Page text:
A new and perhaps final chapter has been written in the long-running saga of the 2008 collapse of the Thelen firm. The New York Court of Appeals has held that when lawyers exit defunct firms for greener pastures, the trustee of the old firm may not “claw back” profits earned on hourly-fee cases that those lawyers take with them to their new firms.
The ruling squarely rejects application of the “unfinished business doctrine” to law firms and lawyers. It comes on the heels of a California district court’s refusal to allow the administrator for the bankrupt Heller Ehrman firm to claw back profits from former partners. That ruling is on appeal to the Ninth Circuit.
The unfinished business doctrine comes from agency law, and provides that even after a partnership dissolves, profits on then-uncompleted contracts remain the property of the dissolved partnership.
In the well-known Jewel v. Boxer decision, the California state court of appeals in 1984 held that whether an engagement was hourly or based on a contingent fee, the estate of a dissolved law firm was entitled to recover the profits earned on cases that began at the firm, even when they were completed at a lawyer’s new firm.
The unfinished business doctrine led many firms to add “Jewel waivers” to their partnership agreements, in order to circumvent the rule. Disputes over such waivers and the application of the unfinished business doctrine were common, exemplified by the Thelen case and others.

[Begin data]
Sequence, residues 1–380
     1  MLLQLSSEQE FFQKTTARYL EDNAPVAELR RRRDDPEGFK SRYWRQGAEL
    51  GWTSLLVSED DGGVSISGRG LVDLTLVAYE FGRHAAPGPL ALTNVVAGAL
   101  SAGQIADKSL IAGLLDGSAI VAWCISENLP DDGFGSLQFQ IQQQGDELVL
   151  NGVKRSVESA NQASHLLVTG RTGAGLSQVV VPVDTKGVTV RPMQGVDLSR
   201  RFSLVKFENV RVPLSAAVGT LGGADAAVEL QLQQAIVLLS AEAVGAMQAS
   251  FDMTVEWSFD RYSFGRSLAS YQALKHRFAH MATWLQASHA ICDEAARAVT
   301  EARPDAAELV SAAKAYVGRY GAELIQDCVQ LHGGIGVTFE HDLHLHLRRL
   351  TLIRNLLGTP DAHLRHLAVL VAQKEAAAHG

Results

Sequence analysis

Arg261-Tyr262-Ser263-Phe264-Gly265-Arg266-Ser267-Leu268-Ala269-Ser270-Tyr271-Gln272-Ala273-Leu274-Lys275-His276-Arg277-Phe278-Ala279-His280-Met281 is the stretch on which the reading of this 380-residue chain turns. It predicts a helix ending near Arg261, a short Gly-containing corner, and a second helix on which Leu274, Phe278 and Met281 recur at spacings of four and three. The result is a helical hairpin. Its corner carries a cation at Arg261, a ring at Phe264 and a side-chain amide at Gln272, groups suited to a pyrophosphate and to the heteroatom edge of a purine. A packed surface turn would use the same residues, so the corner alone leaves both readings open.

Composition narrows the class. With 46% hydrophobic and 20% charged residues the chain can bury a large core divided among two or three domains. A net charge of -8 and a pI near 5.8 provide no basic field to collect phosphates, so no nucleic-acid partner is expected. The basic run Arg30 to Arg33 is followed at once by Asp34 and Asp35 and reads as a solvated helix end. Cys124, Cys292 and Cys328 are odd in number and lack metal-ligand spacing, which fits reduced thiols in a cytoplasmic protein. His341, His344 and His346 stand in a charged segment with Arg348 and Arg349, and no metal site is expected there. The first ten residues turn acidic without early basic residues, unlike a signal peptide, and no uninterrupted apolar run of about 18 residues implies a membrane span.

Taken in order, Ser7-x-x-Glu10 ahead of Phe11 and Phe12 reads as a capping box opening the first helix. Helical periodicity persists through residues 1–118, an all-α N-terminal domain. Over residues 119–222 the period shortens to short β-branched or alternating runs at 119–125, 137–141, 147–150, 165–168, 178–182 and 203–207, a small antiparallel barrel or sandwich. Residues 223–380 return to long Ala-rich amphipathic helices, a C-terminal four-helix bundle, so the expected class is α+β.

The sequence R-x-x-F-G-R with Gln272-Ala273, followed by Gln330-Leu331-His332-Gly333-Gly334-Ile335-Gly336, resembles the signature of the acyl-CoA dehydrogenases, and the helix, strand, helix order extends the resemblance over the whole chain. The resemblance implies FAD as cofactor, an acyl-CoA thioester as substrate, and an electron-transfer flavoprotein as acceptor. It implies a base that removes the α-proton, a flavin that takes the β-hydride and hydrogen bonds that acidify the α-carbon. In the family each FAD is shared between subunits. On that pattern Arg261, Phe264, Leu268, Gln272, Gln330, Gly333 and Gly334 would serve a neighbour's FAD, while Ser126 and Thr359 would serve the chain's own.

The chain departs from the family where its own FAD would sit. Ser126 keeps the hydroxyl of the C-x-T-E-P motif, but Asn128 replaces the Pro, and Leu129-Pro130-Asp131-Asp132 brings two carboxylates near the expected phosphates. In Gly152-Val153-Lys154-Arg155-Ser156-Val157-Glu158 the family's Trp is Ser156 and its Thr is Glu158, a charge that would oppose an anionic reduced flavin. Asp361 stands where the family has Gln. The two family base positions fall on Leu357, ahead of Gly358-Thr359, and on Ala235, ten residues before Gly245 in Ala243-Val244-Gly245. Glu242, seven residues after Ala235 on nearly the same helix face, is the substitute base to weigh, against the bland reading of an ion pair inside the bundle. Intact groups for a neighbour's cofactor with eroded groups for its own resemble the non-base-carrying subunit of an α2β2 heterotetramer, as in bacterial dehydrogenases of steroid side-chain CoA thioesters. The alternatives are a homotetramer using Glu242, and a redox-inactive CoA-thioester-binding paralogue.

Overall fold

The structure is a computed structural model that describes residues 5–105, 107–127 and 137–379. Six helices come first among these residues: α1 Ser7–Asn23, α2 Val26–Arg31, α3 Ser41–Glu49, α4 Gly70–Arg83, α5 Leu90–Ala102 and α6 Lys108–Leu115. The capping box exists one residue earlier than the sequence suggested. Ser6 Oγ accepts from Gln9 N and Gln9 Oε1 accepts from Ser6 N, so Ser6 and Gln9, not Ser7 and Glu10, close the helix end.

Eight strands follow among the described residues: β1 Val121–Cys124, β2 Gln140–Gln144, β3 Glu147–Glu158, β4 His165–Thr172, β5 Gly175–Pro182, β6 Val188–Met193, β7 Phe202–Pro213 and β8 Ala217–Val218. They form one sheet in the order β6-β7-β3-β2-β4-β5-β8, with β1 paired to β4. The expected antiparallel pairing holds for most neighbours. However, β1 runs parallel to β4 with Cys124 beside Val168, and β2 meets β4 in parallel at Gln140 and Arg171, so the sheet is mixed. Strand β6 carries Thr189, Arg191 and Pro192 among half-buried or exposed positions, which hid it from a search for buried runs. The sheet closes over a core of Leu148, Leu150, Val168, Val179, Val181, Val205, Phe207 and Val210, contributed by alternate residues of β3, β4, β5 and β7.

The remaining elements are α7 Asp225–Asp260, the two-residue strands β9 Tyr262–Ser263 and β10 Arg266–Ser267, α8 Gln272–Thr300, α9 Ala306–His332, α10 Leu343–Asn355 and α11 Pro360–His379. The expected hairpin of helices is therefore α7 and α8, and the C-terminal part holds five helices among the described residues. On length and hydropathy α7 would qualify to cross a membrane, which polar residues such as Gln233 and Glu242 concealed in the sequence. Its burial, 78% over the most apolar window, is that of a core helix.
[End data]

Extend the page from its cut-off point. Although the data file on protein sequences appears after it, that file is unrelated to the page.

Now, at least under New York law, the unfinished business doctrine will not apply when law firms break up, and attorney-client relationships will not be considered the dissolved firm’s property or be subject to claw-back from the firms where the dissolved firm’s former lawyers might land.
The court said:
Treating a dissolved firm’s pending hourly fee matters as partnership property … would have numerous perverse effects, and conflicts with basic principles that govern the attorney-client relationship under New York law and the Rules of Professional Conduct.
Under those principles, clients have an “unqualified right to terminate the attorney-client relationship at any time,” and are responsible only for paying their former lawyers for “completed services.” The court reaffirmed long-standing New York law that lawyers must be free to migrate to other firms without undue financial restrictions, and that preserving client choice means that clients must be free to follow their chosen lawyers to their new firms.
Watch for further developments in other jurisdictions; many have partnership law and ethics rules similar to the ones that the court considered in the Thelen case.